Sexual battery is one of the most serious offense that can charged under the Florida Statutes. The Miami criminal lawyers at DMT have represented dozens of defendants charged throughout the State of Florida with the crime of sexual battery. While the crime is most commonly referred to as rape, the State of Florida refers to the offense as sexual battery. The are different variations on the sexual battery statute that carry with them different elements, as well as, different possible punishments. Like the lewd and lascivious conduct statutes, the age of the defendant and the age of the victim play a large role in determining the possible consequences for committing this type of offense. Because sexual battery is such a serious offense, it is imperative to seek a criminal defense law firm with vast experience in defending these types of cases, especially when the stakes are so high.
Sexual battery in its simplest terms has been committed when an individual commits an act upon the victim in which the sexual organ of the defendant penetrates or has union with the anus, vagina or mouth of the victim The act of sexual battery requires the actual penetration, however slight to meet an essential element of the offense. Another essential element is that act was committed without the consent of the victim. Consent means an intelligent, knowing and voluntary consent and by no means does the failure by a victim to offer physical resistance mean that the sexual act was consensual. Consent also becomes an issues when dealing with mentally incapacitated or mentally defective victims. A mentally incapacitated victim has been rendered temporarily incapable of controlling his or her conduct due to the ingestion of a narcotic, anesthetic, or other intoxicating substance. A person will be deemed under the law not to have consented to the sexual act if he or she is mentally incapacitated at the time the act was committed. A mentally defective person that suffers from a mental disease or defect may render the victim incapable of appraising the nature of his or her conduct can which demonstrate a lack of consent. A mentally defective person may not have the ability to consent or demonstrate a lack of consent. In any case, consent is an essential element of the offense of sexual battery.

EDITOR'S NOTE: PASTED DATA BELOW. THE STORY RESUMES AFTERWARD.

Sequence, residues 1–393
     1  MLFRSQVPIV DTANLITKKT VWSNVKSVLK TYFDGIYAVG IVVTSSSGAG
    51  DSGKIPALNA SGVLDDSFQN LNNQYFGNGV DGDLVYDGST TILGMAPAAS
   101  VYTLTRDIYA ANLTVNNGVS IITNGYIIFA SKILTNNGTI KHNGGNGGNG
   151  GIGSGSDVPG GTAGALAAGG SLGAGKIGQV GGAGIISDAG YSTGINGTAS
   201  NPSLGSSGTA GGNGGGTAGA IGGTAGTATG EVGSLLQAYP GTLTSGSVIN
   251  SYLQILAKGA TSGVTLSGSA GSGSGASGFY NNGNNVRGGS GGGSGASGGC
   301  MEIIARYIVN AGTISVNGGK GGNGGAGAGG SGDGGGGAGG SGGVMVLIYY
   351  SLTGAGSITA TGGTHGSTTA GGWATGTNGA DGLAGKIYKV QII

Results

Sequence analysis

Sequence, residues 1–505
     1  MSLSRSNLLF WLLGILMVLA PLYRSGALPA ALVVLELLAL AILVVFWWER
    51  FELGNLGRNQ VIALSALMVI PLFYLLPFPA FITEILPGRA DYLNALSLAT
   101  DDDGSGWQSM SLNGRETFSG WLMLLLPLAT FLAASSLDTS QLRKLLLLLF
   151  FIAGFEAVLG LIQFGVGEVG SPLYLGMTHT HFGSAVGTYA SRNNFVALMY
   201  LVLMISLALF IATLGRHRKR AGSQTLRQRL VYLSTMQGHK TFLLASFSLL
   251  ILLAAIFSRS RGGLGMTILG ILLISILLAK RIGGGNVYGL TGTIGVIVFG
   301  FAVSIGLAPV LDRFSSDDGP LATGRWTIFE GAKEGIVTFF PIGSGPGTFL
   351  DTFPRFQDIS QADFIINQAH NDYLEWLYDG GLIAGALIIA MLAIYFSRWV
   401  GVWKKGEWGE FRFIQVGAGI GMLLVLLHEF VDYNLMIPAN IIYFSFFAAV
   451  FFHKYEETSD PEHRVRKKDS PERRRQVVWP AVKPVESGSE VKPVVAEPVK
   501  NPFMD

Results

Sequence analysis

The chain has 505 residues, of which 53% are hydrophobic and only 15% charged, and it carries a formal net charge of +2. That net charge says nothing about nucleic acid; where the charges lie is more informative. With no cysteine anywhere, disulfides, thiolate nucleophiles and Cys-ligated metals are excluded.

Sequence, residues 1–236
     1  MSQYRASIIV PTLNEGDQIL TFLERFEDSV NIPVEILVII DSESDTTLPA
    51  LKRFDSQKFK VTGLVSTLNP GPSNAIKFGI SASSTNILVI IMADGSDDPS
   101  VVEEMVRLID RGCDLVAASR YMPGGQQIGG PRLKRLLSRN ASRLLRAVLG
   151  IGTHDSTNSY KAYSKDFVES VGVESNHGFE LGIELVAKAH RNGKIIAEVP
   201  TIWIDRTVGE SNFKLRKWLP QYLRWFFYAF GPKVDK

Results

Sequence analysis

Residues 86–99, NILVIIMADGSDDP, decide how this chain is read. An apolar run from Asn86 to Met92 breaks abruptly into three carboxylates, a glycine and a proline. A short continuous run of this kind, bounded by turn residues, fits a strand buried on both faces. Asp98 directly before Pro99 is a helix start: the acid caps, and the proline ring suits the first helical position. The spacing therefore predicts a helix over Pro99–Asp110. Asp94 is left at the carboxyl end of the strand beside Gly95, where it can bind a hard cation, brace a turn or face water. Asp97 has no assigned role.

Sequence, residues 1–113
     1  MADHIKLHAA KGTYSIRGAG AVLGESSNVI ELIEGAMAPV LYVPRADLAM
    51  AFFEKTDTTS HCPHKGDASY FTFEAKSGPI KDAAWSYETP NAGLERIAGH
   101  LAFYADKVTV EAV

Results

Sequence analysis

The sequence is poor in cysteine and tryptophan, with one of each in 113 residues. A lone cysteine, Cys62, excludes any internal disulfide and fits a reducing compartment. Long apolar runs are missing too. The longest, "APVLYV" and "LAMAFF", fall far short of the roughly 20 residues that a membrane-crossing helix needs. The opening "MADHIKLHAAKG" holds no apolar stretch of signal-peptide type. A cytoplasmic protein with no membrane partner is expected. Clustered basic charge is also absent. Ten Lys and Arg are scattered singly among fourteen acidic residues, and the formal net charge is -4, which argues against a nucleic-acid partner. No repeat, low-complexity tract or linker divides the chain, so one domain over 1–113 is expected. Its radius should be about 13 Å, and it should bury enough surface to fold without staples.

The penalties for sexual battery vary with the age of the defendant, the age of the victim, and the manner in which the sexual battery was committed. Injuries also play a role in determining the potential sentence a defendant is facing. An individual faces a capital felony if he or she is over the age of 18 and commits a sexual battery against a person less than 12 years of age and in the course of the crime, injures the sexual organs of the victim. A person under the age of 18 that commits the same offense with the same injuries faces life in prison. Anyone who commits a sexual battery against a victim over the age of 12, and during the offense uses or threatens to use a deadly weapon or uses actual physical force likely to cause serious personal injury also faces life in prison. A defendant that only threatens to use force or violence, or commits a sexual battery against a mentally incapacitated or mentally defective person is facing a 1st degree felony punishable up to 30 years in prison. If no force or threat of force is used a second degree felony will be charged.
As stated earlier, sexual battery is a very serious accusation and with that carries very serious implications. Sexual battery convictions not only result in long prison sentences, but can also brand an individual with a sexual offender or sexual predator label. If you or someone you is under investigation for sexual battery, immediately contact a criminal defense firm experienced in defending these types of cases. Always remember, many of the cases are word against word. Providing a statement to the police, as innocent as you may think, may seal your fate. You have the right to remain silent and request a lawyer.
If you are under investigation for, or have been arrested and charged with sexual battery of any type, contact the Miami criminal lawyers at DMT. An experienced criminal attorney is available every day of the year, 24 hours a day to speak with you regarding your situation. Allow us the opportunity to help protect your rights and defend you case and you will not be disappointed. You can call our office at (305) 444-0030 or reach us by completing the form on our contact page or by sending an e-mail.